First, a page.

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Fighting the Apaches on Foot –

How the Equine Influenza Epidemic was rediscovered

The study of the Great Epizootic of 1872 began when Robert White, of the Buffalo Bill Historical Center, came across obscure references indicating that an equestrian epidemic had forced the United States cavalry to fight the legendary Apache chief, Cochise, on foot. Thanks to White’s diligent research, he soon uncovered copies of rare Arizona newspapers which proved that a mysterious equestrian epidemic had indeed forced combatants on both sides to the assume the temporary role of pedestrians.

The Chiricahua Apache chief, Cochise, was a famous mounted guerrilla.

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Thanks to Bob’s original discoveries, The Long Riders’ Guild Academic Foundation was able to locate an eye-witness account of how the lack of horses affected the outcome of the Apache War. 

Captain John Bourke was one of the most famous soldiers to emerge from that conflict. He served on the staff of General George Crook, who had been described as the greatest Indian fighter the army ever had.” After the conclusion of his military career, in 1891 Bourke wrote a detailed account of his adventures in Arizona. Entitled On the Border with Crook, in addition to detailing how the famous warrior, Geronimo, was finally captured, Bourke also left an intriguing reference to the 1872 equine influenza which had swept from Toronto, Canada to the deserts of Arizona in only a few months time.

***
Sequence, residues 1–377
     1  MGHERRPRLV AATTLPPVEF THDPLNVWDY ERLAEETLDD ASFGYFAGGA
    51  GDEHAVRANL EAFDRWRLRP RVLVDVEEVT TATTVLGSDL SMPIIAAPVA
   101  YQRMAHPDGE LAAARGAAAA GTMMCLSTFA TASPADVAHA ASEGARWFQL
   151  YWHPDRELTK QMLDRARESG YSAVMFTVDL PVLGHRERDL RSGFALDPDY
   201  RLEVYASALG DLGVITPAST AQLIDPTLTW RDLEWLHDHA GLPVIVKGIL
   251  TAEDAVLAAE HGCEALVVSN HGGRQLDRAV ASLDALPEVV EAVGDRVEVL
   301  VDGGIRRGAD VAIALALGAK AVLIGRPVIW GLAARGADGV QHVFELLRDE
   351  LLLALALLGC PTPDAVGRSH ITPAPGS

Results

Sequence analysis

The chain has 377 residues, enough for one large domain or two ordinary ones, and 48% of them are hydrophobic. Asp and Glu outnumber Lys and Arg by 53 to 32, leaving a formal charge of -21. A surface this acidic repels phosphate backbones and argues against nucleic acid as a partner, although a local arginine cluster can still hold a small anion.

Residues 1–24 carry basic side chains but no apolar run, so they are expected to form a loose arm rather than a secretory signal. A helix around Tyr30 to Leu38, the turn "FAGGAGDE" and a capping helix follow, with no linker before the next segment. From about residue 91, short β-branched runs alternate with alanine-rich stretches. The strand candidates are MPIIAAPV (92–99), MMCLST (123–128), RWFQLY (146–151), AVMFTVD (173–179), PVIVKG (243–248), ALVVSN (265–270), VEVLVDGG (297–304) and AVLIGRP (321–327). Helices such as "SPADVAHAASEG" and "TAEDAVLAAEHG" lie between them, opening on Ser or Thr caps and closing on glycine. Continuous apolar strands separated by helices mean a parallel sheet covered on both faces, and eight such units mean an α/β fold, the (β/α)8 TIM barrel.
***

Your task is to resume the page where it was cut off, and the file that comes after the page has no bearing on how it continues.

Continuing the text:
"There was still another source of discomfort which should not be overlooked. At that time the peculiar disease known as the epizootic made its appearance in the United States and reached Arizona, crippling the resources of the Department in horses and mules; we had to abandon our animals, and take our rations and blanket upon our backs, and do the best we could" Bourke wrote.

To learn more about the life and writings of Captain John Bourke, the LRG-AF recommends -

Even though the equine influenza originated thousands of miles away in Canada, Captain Bourke witnessed its deadly effects in distant Arizona a few months later.

Click on picture to enlarge.

Despite his reputation of being a mounted militant, the equine influenza outbreak struck down the Apache horses used by Geronimo and other Chiricahua warriors.

Click on picture to enlarge.

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